The instructions have you go through this whole rigamarole of grinding the nuts with an exact weight of the confectioners' sugar, sifting, then regrinding with another exact weight (and believe me, it matters, though I couldn't tell you why) to end up with 11 oz. of what amounts to TPT plus lt. brown sugar and some extra confectioners' sugar (by the time you're done, you've used 6 2/3 oz. of confectioners' sugar, and the rest goes into the egg whites). I'd be inclined to tinker with the recipe and just sub in TPT plus the extra sugar and skip the whole process. The only strange thing is that with the 11 ounces you have, 2 ounces of that almond/sugar mixture is meant to go in the filling. So if you asked me, I'd do the following:

4.25 oz. confectioners' sugar

5.5 oz. almond meal

1.25 oz. lt. brown sugar

(with the brown sugar, it's slightly less than equal parts, though I suppose if you were willing to forego the brown sugar, you could just use 11 oz. of TPT, or 9 oz. if you weren't going to use the other 2 oz. for the filling)

To the 9 oz. add 2.5 oz. of confectioners' sugar. Then proceed with whipping the egg whites, etc., adding .83 oz. confectioners' sugar (based on the strict math) to them to form the meringue.

Fold into the almond/sugar mixture, add flavoring or food coloring, pipe onto parchment. Bake at 450ºF for one minute, then turn the oven down to 375ºF, prop the door open with a wooden spoon, and bake another 10 or so minutes until they're done. But like I said, letting them sit and form a skin (minimum 20-30 minutes) seemed to help.

We just used parchment, and the 'roons came off no problem once they were cool.

My fillings were chocolate ganache and an espresso buttercream.

One of my classmates is supposed to be faxing me the recipe from Pascal Rigo's book, which I want to try this weekend.

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A couple weeks ago I was craving macarons (one of my favorite confections) and decided to try my hand at making them, after months of trepidation. I reread this thread and others and collected lots of recipes and advice.

The results were great! I had a few that were too dry and hollow, but most were beautiful (if anything, I had too much foot) and got even better after the filled macarons were a couple days old. Crisp yet chewy, very elegant.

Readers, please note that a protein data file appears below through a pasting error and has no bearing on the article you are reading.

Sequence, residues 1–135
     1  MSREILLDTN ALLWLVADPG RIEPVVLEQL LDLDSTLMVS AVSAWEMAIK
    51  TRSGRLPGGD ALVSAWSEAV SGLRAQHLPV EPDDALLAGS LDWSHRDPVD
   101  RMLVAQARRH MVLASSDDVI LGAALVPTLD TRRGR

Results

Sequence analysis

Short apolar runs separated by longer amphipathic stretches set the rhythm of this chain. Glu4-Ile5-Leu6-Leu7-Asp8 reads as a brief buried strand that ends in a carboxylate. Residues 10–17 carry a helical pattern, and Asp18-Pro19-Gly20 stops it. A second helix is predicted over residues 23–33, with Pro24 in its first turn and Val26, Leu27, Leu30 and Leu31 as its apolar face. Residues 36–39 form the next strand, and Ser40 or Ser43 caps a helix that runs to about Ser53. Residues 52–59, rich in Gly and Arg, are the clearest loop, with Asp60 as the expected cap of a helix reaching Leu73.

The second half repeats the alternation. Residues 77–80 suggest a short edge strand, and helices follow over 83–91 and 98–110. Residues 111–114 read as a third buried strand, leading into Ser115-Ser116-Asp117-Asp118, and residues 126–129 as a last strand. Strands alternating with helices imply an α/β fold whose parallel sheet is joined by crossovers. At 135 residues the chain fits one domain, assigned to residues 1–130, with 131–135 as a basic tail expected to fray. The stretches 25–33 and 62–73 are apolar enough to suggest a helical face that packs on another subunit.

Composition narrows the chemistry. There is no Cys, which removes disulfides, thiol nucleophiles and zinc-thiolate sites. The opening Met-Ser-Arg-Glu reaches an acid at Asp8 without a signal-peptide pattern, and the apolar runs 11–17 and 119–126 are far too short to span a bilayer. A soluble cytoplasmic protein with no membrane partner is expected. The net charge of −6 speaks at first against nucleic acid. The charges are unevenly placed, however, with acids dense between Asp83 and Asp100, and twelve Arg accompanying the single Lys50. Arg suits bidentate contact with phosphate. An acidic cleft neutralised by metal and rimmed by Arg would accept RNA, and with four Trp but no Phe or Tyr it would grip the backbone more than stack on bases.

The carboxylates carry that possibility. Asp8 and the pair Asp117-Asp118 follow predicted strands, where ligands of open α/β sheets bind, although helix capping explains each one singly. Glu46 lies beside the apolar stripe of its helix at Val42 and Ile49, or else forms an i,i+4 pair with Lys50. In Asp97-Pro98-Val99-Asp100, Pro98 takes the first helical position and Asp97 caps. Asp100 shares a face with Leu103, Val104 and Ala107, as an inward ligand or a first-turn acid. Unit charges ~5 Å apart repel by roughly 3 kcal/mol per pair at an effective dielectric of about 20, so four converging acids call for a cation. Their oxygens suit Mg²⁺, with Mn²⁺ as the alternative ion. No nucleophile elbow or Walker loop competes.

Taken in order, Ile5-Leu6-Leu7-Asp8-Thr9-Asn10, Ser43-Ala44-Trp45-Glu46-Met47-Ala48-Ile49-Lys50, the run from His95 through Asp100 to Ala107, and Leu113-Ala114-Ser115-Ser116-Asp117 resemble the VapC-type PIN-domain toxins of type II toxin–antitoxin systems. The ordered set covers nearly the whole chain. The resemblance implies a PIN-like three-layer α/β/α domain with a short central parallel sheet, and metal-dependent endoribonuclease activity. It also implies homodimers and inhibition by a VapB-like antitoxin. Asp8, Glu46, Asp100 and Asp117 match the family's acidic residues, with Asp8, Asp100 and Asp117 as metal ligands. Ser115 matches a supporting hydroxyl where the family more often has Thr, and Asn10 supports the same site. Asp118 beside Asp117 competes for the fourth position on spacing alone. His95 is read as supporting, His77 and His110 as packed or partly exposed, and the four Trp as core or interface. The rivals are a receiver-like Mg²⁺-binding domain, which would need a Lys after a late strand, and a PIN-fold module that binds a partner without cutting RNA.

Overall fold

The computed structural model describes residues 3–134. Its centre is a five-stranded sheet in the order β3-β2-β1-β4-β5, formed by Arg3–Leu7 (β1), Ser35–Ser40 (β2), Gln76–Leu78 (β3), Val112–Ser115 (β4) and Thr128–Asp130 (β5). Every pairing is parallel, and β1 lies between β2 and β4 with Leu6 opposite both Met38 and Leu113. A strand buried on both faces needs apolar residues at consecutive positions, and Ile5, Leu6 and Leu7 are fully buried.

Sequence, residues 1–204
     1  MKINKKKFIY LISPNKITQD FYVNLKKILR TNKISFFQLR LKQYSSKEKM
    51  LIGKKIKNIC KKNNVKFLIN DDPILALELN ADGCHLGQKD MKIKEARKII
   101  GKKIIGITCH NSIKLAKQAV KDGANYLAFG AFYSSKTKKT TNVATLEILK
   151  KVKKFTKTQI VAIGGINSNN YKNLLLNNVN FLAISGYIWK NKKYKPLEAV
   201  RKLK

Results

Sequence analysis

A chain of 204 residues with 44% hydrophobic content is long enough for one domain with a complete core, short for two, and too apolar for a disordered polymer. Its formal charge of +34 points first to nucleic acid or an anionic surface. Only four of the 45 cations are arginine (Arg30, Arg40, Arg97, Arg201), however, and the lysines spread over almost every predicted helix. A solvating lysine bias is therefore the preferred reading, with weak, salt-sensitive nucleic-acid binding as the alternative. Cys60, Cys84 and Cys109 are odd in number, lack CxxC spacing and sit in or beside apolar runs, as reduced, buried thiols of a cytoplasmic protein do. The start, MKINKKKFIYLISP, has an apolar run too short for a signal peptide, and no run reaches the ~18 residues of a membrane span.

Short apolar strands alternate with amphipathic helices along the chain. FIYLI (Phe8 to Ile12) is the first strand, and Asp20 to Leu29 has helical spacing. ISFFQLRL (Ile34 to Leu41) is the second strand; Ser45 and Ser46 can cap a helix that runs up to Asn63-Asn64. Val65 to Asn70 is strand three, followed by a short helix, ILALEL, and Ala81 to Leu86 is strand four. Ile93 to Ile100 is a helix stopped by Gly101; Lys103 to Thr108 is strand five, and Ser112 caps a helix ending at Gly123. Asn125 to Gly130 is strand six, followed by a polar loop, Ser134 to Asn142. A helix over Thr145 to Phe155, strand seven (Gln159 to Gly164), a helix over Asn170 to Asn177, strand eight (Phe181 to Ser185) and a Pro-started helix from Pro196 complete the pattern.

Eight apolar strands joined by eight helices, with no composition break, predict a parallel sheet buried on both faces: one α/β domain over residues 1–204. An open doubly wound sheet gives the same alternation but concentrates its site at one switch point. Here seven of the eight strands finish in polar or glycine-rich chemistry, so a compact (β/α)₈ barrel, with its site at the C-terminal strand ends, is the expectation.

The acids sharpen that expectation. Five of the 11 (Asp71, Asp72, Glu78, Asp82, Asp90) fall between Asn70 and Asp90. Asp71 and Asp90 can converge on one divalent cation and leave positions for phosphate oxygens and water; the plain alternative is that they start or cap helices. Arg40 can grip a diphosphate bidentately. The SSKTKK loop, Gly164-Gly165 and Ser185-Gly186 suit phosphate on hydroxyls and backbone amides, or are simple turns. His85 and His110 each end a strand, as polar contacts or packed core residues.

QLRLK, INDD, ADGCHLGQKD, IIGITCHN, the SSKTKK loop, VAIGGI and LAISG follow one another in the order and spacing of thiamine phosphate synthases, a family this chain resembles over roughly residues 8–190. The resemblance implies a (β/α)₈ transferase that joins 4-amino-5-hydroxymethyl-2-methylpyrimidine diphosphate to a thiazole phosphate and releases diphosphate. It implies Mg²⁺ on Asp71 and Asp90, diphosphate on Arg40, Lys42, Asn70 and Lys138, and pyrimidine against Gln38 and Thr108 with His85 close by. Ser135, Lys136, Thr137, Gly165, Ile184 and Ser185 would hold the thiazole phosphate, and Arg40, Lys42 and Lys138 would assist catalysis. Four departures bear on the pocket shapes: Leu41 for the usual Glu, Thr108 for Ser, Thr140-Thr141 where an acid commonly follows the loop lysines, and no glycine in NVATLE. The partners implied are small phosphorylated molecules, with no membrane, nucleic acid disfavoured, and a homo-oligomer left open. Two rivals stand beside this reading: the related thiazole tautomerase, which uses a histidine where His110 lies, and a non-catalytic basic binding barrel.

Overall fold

I did one batch that I left to dry for about 20 mins and one that I put right in the oven after piping. The ones that I let dry were the set that had some dry/hollow ones, so I don't think I'd do that again with this recipe (I know jgarner had dif. results but she also had a dif. recipe). I ground the almonds myself with some of the sugar.

So here was my recipe (thanks to all the contributers to this thread!):

1 1/4 cup (200 g, 5 oz) powdered sugar

1 cup (110 g, 4 oz) ground almonds

1/4 cup (57 g, 2 oz) granulated sugar

3 whites, left to dry uncovered overnight

Preheat the oven to 325. Line baking sheets with parchment or silpats.

Whisk together the ground almonds with the powdered sugar in a bowl.

Beat the egg whites to soft peaks. Add the granulated sugar and beat until glossy.

Fold the almond mixture into the whites. This is alarming, so don't be surprised when the whites deflate. It will seem like the mixture is too dry, but just keep folding until the mixture comes together. It should "flow like magma."

Spoon the mixture into a pastry bag and pipe rounds onto the baking sheets. The rounds should be about 3-4 cm in diameter, they will spread a bit during baking.

Bake in the middle of the oven for 15 minutes. After 10 mins, feet should have formed. Do not let the tops color.

Let cool for 10 minutes, then remove from the paper (if they are stuck, try popping them in the freezer for a minute). Let cool completely and fill.

I had a bit of trouble getting them off the parchment and will try using silpats next time.

I filled them with ganache because that's what I had on hand. These were so great and satisfying to make. I'll be experimenting with flavors and fillings soon.

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Here are my chocolate macarons from the Herme/Greenspan book.

gallery_5404_94_1104379155.jpg

I am very proud of those since after trying several recipes this was the only one that worked, and they absolutly delicious. I think I have some of my failed attempts further up in this thread. To remove them I used the steaming method recommended by the recipe.

Elie

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Since Elie added his macaron photo to the thread, I'll add mine too, even though I already posted it to another thread. I've tried three kinds thus far, the Herme recipe for chocolate like Elie's, a strawberry version with strawberry-flavored pastry cream, and a lemon version with lemon buttercream.

gallery_23736_355_1100060485.jpg

gallery_23736_355_1100528323.jpg


Edited by Patrick S (log)

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Patrick,

What recipe did you use for the non chocolate ones? I used Herme for the chocolate ones and they elicit raves whenever I give them to anyone. But I'd also like to make some like colored ones with pastel inside, such as what is on the cover of this month's Donna Hay magazine. They are quite pretty.

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Patrick,

What recipe did you use for the non chocolate ones?  I used Herme for the chocolate ones and they elicit raves whenever I give them to anyone.  But I'd also like to make some like colored ones with pastel inside, such as what is on the cover of this month's Donna Hay magazine.  They are quite pretty.

Josette,